March 16, 2008

It's not about the Bike

Read Lance Armstrong's "It's not about the Bike". His other book - "Every Second Counts" - appealed to me more

Linda Armstrong's - Lance's mother’s - character wowed me. To me, her character is much much stronger than Lance's.To bring up a child ALL ALONE in her teenage; manage her studies; and grow up the corporate ladder, without anything to prove to anyone but herself, requires tremendous amount of courage. Do you know what the litmus test of courage is? Carrying-on all-alone with determination, when the chips are down and when nobody cares about you. Lance didn’t pass that test. Linda did! In the hospital bed, before his surgery, to hide his courage Lance declares to his friends that he will fight and defeat the cancer. But he later admits that the declaration was to camouflage his fear. He had friends, his mother and his "declaration" to support his courage. Linda had none of those. (This doesn't mean that I don't admire Lance's courage)

One particular section of the book reminded me about the importance of presenting things in the right way:
Lance Armstrong had approached two hospitals to cure his cancer. Given below are the responses of the two doctors of the respective hospitals. You will see that the content of their message is the same. The way they put across the message is what differs.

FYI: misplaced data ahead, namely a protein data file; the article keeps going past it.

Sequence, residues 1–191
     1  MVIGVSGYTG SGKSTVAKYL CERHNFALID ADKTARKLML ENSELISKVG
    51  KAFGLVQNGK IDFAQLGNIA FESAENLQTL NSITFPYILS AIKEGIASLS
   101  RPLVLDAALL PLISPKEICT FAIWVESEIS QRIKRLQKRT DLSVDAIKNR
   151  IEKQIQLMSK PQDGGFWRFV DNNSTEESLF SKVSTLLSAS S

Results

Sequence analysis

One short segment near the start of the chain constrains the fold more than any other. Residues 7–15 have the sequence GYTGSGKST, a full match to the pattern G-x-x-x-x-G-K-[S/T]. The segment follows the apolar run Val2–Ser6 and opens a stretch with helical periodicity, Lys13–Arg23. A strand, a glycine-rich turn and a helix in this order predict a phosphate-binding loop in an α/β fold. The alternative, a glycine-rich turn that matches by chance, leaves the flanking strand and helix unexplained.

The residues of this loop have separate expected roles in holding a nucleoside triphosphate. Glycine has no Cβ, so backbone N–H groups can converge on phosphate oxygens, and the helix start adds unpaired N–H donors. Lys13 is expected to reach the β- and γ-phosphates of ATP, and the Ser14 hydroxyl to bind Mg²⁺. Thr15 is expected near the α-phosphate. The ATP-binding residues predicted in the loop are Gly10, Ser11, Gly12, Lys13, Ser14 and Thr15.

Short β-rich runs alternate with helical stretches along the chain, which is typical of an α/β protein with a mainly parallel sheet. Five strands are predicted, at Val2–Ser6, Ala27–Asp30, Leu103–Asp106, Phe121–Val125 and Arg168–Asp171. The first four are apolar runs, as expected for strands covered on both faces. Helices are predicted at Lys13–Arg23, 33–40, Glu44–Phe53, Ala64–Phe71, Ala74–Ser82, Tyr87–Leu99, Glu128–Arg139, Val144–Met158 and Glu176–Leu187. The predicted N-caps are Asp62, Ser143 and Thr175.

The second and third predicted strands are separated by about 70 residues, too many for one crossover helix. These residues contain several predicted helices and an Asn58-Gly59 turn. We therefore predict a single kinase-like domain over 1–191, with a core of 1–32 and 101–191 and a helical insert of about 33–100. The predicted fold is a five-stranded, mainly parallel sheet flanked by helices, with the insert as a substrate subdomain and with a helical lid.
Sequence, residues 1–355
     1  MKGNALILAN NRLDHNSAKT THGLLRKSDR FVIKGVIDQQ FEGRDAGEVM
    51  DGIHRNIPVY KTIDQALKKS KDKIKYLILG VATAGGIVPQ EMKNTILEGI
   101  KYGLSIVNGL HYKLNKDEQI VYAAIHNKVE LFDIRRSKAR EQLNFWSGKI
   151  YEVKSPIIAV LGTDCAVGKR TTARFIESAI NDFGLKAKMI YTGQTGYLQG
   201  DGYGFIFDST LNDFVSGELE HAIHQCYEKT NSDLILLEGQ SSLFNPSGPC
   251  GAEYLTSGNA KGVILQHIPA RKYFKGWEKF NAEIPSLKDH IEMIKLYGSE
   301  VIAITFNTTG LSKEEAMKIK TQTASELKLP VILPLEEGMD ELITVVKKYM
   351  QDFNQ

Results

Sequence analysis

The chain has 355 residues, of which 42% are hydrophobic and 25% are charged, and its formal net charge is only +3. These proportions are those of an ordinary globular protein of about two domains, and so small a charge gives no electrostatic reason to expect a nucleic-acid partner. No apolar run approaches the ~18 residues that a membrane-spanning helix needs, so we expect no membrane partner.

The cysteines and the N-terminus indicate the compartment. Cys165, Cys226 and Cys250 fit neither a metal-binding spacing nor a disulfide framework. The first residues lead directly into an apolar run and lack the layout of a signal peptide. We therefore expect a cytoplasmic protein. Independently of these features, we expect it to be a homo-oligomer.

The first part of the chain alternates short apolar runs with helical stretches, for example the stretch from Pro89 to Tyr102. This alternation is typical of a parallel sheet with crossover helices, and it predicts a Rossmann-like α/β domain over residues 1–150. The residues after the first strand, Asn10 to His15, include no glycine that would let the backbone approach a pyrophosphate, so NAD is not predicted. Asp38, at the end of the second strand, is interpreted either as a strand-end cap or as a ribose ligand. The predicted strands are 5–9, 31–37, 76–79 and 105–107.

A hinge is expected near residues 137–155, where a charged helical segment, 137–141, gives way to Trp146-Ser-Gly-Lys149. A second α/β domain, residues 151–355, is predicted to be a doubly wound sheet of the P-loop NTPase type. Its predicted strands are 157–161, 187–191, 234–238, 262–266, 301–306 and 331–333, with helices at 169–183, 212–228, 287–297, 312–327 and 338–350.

The doctor in Houston: “I'm glad you are here. You will crawl out of here. I'm going to kill you. Everyday I'm going to kill you, and then I'm going to bring you back to life. We're going to hit you with chemo, and then hit you again, and hit you again. You're not going to be able to walk. We're practically going to have to teach you how to walk again, after we're done."

The doctor in Indiana: "You are in an advanced stage. The percentages are unfavorable. But this is potentially curable. Even-though you're in the poor-prognosis category, we've cured a lot worse. And we don't want the chemo to affect your lungs. This is to give you a chance later to recover physically and compete in cycling."

I think anyone can guess which hospital Lance chose for his treatment. Putting things across in a nice and polite way, and mixing it with hope, makes a huge difference.

Some other interesting quotes of the book are given below:

Lance Armstrong: Your past forms you, whether you like it or not. Each encounter and experience has its own effect, and you're shaped the way the wind shapes a mesquite tree on a plain.

Linda Armstrong: If you are going to get anywhere, you're going to have to do it yourself, because no one is going to do it for you. If you can’t give 110 percent, you won't make it.


2 comments:

Barbed Sulks said...

hey! long time...
v interesting blog.
I'll sit n read the entire thing now..
:)

Sophroniscus Dialectic said...

Hey... thanks Alka! :-)